FOR IMMEDIATE RELEASE
Contact: Peggy Armstrong
(Washington, D.C. – June 13, 2017) The International Dairy Foods Association appreciates the Food and Drug Administration’s (FDA) announced intention to extend the compliance dates for the new Nutrition Facts label and Serving Size rules.
“On behalf of our members, we thank the Food and Drug Administration for extending the compliance timeline for the new Nutrition Facts label and Serving Size rules. Dairy foods companies are committed to giving consumers the information they need to make informed choices, and appreciate the extra time to be sure that the information on the labels is complete and accurate,” said Cary Frye, IDFA vice president of regulatory and scientific affairs.
In the past, IDFA has urged government officials to align the compliance dates for the Nutrition Facts label changes with the U.S. Department of Agriculture’s disclosure standard for bioengineered foods, which is required by law to be issued by July 2018. Having two separate compliance deadlines would require food and beverage manufacturers to go through the expensive and time-consuming process of changing the label twice on every food package in the United States.
“Our member companies are hopeful that once FDA announces the new implementation timeline they will be able to avoid the confusion and extra cost incurred by changing their product labels twice – first to comply with the changes to the Nutrition Facts label and again when the U.S. Department of Agriculture specifies how genetically engineered foods and ingredients need to be labeled.”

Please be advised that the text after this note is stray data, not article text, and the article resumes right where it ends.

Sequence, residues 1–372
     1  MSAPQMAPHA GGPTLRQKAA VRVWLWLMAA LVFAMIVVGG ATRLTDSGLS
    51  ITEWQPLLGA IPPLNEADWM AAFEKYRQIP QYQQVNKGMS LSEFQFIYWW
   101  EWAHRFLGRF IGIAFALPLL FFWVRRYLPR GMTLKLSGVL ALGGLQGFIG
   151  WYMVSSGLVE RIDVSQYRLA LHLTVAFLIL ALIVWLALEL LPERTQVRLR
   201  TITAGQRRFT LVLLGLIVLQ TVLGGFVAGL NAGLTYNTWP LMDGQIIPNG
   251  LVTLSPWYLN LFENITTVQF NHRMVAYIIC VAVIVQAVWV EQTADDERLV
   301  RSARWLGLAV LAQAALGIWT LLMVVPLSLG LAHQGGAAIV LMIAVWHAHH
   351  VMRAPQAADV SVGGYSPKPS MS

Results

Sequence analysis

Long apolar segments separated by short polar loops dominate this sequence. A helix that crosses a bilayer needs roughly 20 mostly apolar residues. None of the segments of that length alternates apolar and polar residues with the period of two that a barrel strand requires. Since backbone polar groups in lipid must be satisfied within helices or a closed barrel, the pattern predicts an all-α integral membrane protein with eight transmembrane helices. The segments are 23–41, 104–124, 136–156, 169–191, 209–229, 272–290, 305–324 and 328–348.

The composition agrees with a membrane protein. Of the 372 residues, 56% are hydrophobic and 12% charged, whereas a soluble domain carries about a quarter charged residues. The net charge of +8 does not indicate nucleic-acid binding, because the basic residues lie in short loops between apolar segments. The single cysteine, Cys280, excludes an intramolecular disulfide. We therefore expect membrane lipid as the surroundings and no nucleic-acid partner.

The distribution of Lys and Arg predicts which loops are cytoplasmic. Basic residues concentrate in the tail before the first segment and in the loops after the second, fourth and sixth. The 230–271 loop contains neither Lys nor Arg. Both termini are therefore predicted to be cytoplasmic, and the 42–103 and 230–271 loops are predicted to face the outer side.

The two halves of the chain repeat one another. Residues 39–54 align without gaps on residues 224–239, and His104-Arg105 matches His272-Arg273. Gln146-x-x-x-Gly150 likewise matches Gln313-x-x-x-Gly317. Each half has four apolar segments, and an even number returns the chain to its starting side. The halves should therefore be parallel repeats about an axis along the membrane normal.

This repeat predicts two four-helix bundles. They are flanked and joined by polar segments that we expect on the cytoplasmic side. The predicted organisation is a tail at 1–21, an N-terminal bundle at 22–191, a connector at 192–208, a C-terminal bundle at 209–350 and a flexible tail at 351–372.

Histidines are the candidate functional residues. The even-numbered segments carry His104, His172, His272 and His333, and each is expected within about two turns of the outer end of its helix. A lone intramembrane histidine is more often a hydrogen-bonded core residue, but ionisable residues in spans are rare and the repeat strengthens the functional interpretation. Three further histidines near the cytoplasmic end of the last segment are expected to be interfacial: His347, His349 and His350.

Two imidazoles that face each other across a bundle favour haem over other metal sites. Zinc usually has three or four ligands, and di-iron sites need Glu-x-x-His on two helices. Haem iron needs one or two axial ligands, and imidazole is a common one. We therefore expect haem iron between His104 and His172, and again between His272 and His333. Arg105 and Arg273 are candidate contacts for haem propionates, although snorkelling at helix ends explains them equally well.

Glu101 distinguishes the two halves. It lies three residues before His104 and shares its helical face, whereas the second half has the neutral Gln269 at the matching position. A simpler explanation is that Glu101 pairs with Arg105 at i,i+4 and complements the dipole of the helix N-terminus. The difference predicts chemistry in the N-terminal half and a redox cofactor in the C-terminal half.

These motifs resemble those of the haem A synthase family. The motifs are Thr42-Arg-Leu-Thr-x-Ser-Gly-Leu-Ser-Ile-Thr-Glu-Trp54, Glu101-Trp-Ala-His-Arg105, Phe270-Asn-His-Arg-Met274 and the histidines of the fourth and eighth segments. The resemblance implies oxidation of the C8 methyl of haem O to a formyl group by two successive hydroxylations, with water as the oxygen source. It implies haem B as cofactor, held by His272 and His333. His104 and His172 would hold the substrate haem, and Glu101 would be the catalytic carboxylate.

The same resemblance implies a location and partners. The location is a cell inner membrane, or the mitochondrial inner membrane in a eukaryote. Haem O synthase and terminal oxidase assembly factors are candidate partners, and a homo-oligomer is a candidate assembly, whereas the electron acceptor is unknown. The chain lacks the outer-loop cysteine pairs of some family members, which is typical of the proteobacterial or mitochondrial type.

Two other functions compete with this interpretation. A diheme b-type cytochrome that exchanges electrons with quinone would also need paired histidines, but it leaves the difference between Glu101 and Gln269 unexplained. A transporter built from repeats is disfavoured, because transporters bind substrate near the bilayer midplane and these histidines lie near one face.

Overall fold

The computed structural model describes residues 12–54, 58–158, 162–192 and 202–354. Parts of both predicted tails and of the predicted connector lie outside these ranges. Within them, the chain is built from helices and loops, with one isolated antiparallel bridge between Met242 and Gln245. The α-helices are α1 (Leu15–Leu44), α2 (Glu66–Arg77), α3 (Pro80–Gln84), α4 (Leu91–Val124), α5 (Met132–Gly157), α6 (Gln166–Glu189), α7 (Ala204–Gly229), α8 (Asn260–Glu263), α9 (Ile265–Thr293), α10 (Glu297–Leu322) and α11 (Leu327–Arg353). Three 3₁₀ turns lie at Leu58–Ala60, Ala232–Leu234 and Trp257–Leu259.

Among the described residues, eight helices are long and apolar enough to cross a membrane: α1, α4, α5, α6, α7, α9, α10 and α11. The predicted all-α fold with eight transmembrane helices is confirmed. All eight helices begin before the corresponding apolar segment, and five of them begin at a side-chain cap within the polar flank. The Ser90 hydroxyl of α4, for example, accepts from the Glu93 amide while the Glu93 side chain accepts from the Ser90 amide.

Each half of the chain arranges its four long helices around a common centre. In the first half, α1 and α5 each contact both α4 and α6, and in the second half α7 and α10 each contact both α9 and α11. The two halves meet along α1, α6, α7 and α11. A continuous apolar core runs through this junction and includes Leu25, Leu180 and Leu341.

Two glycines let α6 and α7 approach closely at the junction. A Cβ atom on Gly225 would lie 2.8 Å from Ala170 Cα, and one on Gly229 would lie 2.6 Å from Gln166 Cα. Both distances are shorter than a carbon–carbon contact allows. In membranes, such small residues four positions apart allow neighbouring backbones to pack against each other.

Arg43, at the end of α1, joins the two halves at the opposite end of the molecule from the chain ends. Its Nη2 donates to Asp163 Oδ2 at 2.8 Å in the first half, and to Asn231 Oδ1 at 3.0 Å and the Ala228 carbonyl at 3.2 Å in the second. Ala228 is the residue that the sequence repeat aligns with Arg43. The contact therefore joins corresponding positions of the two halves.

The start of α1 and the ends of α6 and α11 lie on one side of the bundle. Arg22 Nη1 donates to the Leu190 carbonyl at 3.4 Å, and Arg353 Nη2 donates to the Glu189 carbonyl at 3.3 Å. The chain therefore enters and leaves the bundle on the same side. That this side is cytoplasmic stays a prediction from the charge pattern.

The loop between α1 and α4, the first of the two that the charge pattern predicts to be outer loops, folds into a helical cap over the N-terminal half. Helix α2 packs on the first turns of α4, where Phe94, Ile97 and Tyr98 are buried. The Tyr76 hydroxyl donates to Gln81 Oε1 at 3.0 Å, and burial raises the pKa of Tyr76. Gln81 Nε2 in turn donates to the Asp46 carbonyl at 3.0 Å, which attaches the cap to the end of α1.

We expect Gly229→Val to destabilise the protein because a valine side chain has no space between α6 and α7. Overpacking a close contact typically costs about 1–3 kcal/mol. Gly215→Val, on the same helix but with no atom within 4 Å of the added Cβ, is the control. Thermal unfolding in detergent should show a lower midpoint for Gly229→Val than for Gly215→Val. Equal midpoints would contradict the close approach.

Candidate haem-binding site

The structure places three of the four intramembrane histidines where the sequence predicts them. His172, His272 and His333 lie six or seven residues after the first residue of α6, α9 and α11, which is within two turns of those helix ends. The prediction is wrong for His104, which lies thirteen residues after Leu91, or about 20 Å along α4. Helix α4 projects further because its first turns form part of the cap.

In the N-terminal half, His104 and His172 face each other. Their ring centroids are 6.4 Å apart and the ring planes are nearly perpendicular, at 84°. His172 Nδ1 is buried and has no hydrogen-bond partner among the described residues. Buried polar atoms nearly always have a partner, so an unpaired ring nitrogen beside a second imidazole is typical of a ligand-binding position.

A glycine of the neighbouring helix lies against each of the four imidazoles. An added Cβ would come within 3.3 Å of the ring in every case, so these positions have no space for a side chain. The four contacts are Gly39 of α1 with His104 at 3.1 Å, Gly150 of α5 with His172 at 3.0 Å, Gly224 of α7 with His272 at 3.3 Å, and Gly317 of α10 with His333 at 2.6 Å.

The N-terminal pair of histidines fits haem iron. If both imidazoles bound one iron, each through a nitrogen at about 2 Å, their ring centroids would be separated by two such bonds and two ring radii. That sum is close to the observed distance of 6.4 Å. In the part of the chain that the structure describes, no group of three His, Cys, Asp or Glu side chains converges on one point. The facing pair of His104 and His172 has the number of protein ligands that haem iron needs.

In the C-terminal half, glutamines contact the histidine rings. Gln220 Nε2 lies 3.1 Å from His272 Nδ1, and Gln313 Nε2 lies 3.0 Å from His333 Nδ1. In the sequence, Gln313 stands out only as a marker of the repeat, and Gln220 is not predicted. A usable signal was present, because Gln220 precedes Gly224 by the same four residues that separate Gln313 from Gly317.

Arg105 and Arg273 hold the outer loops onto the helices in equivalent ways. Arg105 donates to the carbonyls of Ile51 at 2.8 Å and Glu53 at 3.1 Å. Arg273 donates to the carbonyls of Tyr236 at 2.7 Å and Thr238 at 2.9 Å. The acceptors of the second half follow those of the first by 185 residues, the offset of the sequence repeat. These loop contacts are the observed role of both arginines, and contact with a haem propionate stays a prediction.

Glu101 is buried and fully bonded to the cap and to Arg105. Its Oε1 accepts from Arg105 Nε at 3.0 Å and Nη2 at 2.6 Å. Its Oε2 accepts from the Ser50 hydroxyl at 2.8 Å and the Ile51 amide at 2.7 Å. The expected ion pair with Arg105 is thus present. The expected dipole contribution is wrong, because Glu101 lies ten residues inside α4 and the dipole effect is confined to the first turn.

Although FDA announced its intention to extend the Nutrition Facts label compliance date to provide additional time for implementation, no timeline was set. FDA said it will provide details of the extension through a Federal Register notice at a later time.
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The International Dairy Foods Association (IDFA), Washington, D.C., represents the nation's dairy manufacturing and marketing industries and their suppliers with a membership of nearly 525 companies within a $125-billion a year industry. IDFA is composed of three constituent organizations: the Milk Industry Foundation (MIF), the National Cheese Institute (NCI) and the International Ice Cream Association (IICA). IDFA's nearly 200 dairy processing members operate more than 600 manufacturing facilities and range from large multi-national organizations to single-plant companies. Together they represent more than 85 percent of the milk, cultured products, cheese, ice cream and frozen desserts produced and marketed in the United States. Visit IDFA at www.idfa.org.